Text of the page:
The first time I saw this recipe I refused to believe it was so easy. It comes from Jamie Oliver’s 15 minute meals book and I’ve used it time and time again. He creates a great chicken dim sum recipe with them but the buns were a bigger hit than the chicken in my house. There’s a great cucumber pickle he served with it though which I’ve put below.
The main thing to remember with these is to not over mix them. Jamie does it in a food processor (for speed basically) but I generally do it by hand because washing a food processor is a bastard of a thing I actively try to avoid.
Think of it – loosely – like a scone dough. Bring it together, form a log, portion it and voila!
I have a group of friends that range from school days, through university and up to Twitter who try to get together once every four to six weeks to have dumplings. We call ourselves the Twitter Lunch Club, TLC for short, which is appropriate because sometimes emergency dumpling summits are held if one of us is in crisis.
One of the dishes we have at our favourite dumpling establishment is this pork dish, served at room temperature which is covered in this thick, sweet, addictive sauce. I can’t recall what it’s called on the menu, we sit there and reel off dish numbers to minimise delay in getting food on the table.
But I’m here to tell you I have replicated it. I’m certain it will take me a couple more goes to perfect it but sweet LORD it is good.
As with basically everything I cook it is not technically hard but this one does take time. I actually did it over two days because I realised after I’d started I’d really left my run too late.
This recipe for dongo pork (best name ever) comes from my current favourite cookbook, Adam Liaw’s Asian Cookery School. He won Australian Masterchef a few years back and has done so much to make Asian cookery more accessible to those of us wary of the wok.
I bought my pork belly from an Asian butcher, their pork is always far superior to what you get at a skippy* one.
Sometimes you make something that forces you to slow down. For me that normally involves baking and I love it. You can’t rush yeast, a cake needs time, dough wants methodical kneading, pastry asks for, well, everything.
So I saw this recipe on Smitten Kitchen and while I am not the greatest fan of zucchini I needed to make it instantly. What I didn’t realise was it was going to force me to go slow and follow a number of steps. I am, in reality, a much more ‘bung it all in and hope for the best’ cook.
It’s based on a Julia Child recipe and while I own her voluminous Mastering the Art of French Cooking Volumes 1 and 2 I have never cooked from them. So I was, in effect, uninitiated.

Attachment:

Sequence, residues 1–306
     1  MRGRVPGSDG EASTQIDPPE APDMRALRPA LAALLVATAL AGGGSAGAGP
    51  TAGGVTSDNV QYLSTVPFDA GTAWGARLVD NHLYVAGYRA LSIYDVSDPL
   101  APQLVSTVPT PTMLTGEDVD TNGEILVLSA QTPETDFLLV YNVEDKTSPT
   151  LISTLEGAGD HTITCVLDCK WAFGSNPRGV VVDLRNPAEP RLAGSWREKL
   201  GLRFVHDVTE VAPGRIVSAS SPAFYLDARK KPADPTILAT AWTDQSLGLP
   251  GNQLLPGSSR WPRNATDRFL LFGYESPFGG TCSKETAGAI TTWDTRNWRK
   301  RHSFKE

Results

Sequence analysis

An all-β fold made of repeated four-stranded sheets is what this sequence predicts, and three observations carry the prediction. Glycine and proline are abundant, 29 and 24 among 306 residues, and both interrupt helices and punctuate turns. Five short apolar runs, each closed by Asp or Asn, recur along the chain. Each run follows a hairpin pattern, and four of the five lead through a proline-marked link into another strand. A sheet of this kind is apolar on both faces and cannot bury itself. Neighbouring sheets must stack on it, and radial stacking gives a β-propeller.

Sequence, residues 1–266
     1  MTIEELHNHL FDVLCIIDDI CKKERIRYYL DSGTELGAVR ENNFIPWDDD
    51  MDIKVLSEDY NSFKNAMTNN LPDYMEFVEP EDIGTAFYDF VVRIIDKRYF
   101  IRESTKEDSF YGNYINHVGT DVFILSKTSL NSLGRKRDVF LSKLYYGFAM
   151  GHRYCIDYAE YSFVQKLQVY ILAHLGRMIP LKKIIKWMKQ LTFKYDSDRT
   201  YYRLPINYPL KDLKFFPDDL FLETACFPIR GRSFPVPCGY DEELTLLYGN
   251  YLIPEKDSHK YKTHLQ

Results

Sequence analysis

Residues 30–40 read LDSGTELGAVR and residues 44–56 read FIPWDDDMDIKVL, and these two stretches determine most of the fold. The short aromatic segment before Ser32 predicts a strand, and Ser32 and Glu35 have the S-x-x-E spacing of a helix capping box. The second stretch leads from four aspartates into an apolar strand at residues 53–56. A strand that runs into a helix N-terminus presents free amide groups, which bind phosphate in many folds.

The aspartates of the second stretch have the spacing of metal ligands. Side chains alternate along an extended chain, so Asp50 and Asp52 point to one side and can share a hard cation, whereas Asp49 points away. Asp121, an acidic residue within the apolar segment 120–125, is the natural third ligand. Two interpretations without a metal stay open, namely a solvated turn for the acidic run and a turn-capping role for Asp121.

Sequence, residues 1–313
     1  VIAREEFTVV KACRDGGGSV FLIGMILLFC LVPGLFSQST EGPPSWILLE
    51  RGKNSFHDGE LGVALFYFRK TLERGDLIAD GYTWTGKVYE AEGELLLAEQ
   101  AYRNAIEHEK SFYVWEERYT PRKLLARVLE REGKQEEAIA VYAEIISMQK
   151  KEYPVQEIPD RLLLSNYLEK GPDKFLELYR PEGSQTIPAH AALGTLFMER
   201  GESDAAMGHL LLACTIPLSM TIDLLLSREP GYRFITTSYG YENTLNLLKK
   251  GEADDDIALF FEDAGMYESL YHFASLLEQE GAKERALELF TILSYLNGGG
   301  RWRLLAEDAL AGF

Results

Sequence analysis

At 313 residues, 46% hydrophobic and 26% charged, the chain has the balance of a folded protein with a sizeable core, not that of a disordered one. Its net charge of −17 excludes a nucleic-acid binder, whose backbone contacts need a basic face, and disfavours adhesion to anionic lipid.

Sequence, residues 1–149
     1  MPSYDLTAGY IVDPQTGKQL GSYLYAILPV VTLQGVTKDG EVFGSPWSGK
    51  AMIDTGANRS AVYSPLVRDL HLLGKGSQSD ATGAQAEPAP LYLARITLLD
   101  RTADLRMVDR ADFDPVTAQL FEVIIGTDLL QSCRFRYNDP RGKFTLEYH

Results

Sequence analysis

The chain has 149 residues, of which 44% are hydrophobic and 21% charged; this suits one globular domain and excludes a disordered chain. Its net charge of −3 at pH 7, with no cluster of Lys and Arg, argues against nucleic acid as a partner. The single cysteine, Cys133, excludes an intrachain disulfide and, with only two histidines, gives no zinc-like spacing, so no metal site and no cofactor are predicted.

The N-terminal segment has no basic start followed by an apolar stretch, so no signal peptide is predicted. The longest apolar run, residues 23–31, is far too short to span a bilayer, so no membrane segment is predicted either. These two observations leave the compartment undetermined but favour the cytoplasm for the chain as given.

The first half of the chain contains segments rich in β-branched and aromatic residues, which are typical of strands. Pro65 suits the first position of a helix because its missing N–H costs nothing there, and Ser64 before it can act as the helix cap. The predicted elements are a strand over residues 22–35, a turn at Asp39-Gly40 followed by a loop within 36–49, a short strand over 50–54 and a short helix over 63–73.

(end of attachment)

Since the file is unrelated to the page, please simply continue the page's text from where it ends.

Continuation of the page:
You have no choice but to slow down but I was making it for dinner so didn’t want to slow down and got a bit cranky with the whole thing. Salting zucchinis, par-boiling rice, slowly sweating off onions, it doesn’t sound like much but for a weeknight #everyfuckingnight it was frustrating.
But dagnammit it tasted out of this world which annoyed me even more (and everyone except Felix inhaled it). So my advice is definitely make it but go into it with patience, a willingness to wash up a lot and the knowledge you will be handsomely rewarded.
If you’re not already, follow me at Instagram, search the hashtag #everyfuckingnight and you will see a feed of the dinners I am cooking my boys.
This dinner is solely thanks to my dear friend S who knows the best places to have dinner, always checks in on me and is breeding olympians. She’s made this as the kids meal on two occasions we’ve been over for dinner – the second time because they all loved it the first.
It’s a dinner standard in her house and will now be in ours.
Thursday’s radio spot saw me veer away from the sweets (quelle horror!) to show a steady course to one of my go-to one pan roasts. The big tip here is to have a rare moment of organisation when you buy your chicken pieces. Throw them in a snap-lock bag with the marinade before poping them in the freezer. It means on the night you’re going to have it all you need do is defrost the chicken, toss with the potatoes and roast. As my friend Beth says, BANG.
One pot wonder
1kg chicken pieces (drumsticks, wings, pieces that are on the bone)
one lemon, cut into chunks
few lugs olive oil
a handful mix of fresh herbs (eg tarragon, sage, parsley, thyme)
4 garlic cloves, slightly crushed but skins still on
one onion, cut into chunks
heaped dessert spoon of dijon mustard
good pinch of salt and a healthy grind of pepper
6 potatoes, cut into wedges
Combine the chicken with the marinade in a bowl or large snap-lock back and combine thoroughly
Marinate for a long as you’ve got – ideally a couple of hours at least
Preheat your oven to 180C
Tip the chicken pieces and potatoes into a baking dish and toss together, add a few more lugs of olive oil if everything’s not getting nicely coated with the marinade. You could probably sprinkle over some more salt and pepper here as well.
Bake for about an hour or until everything is nice and golden with some crispy bits and charred bits and basically a pan of ridiculous goodness.